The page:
The global markets are in a bit of a jittery mode at the moment, with plenty of doom and gloom. The falls in US, European and Australian markets are starting to replicate those seen in the GFC, and we are again acutely aware of the volatility of the share market.
However, it is also worth remembering that businesses have to handle a number of issues to ensure a quick and relatively painless recovery. Apart from the inevitable hit to finances and/or investments, an acknowledgement of staffing problems at these times is needed. The last GFC saw a major increase in employee disengagement, and disregard of effective recruitment processes. So much so, that there was a study by Manpower at the height of the GFC which showed that the majority of staff surveyed were unhappy, felt abandoned by their employer and felt their workplace lacked effective methods to encourage retention. However employees stayed because of the fear of being unable to locate a new role and the relative stability of their current role. Then, at the end of the GFC, a similar survey found that over 50% of staff were looking to leave their current employer, with over a third actively doing something about it simply because of the way they were treated during the GFC.
Now we face another heavy financial downturn. Whether it is of the same ferocity as the GFC is yet to be realised, but it provides a salient opportunity not to repeat the same mistakes of the past. Businesses need to look at the way their employees are treated during the worst of times and offer a workplace that still encourages engagement. Whilst there may be a tendency to hold promotions or pay rises, it does not mean that we should forsake other engagement strategies. Keep employees informed on executive decisions and give them opportunities to provide input or feedback on these decisions. Offer them a sense that what they are doing is vital for the survival of the business, espousing the collaborative approach of all employees. Whatever it is, businesses need to give employees a sense that they are with them as they go through the financial troubles ahead. Nothing spells safety for an employee than the feeling that they are in control of their own efforts and impact to the business.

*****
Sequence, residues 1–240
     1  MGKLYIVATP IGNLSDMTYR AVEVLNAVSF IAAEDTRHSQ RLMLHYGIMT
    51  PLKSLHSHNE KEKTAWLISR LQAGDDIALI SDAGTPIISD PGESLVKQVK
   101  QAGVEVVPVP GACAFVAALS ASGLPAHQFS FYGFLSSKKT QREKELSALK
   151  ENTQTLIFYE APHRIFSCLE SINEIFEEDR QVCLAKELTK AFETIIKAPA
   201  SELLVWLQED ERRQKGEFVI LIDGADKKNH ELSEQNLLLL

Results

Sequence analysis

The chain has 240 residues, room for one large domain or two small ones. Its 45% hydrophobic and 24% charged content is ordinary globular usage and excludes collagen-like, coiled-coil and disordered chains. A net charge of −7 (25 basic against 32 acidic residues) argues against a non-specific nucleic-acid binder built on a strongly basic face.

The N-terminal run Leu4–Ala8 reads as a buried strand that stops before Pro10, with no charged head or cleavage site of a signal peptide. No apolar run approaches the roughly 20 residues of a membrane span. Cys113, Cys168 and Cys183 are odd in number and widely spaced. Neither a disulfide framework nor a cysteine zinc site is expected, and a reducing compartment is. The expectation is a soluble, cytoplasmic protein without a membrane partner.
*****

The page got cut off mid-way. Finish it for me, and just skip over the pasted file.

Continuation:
Leaders need to maintain a close eye on the human elements of the business, as these will be the drivers of the recovery. Lose top talent, and recovery will be slow and cumbersome. Take a look at the companies that did better out of the GFC, and the one constant is the way they kept their top talent. Learn from this, and this current financial market hiccup will not prove to be a major roadblock to growth.